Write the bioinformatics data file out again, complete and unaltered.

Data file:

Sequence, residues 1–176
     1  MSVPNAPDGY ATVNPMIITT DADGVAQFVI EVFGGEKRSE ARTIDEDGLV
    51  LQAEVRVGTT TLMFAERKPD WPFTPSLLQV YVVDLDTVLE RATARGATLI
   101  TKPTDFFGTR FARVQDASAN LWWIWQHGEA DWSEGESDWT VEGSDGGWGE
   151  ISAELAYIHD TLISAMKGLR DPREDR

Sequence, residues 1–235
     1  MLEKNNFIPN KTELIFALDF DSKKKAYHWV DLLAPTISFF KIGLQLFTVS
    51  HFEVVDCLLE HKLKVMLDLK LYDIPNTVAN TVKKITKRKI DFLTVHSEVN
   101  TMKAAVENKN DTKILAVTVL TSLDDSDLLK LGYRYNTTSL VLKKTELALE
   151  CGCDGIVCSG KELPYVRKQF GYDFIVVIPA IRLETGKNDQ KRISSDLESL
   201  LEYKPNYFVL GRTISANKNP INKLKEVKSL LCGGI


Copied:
Sequence, residues 1–176
     1  MSVPNAPDGY ATVNPMIITT DADGVAQFVI EVFGGEKRSE ARTIDEDGLV
    51  LQAEVRVGTT TLMFAERKPD WPFTPSLLQV YVVDLDTVLE RATARGATLI
   101  TKPTDFFGTR FARVQDASAN LWWIWQHGEA DWSEGESDWT VEGSDGGWGE
   151  ISAELAYIHD TLISAMKGLR DPREDR

Sequence, residues 1–235
     1  MLEKNNFIPN KTELIFALDF DSKKKAYHWV DLLAPTISFF KIGLQLFTVS
    51  HFEVVDCLLE HKLKVMLDLK LYDIPNTVAN TVKKITKRKI DFLTVHSEVN
   101  TMKAAVENKN DTKILAVTVL TSLDDSDLLK LGYRYNTTSL VLKKTELALE
   151  CGCDGIVCSG KELPYVRKQF GYDFIVVIPA IRLETGKNDQ KRISSDLESL
   201  LEYKPNYFVL GRTISANKNP INKLKEVKSL LCGGI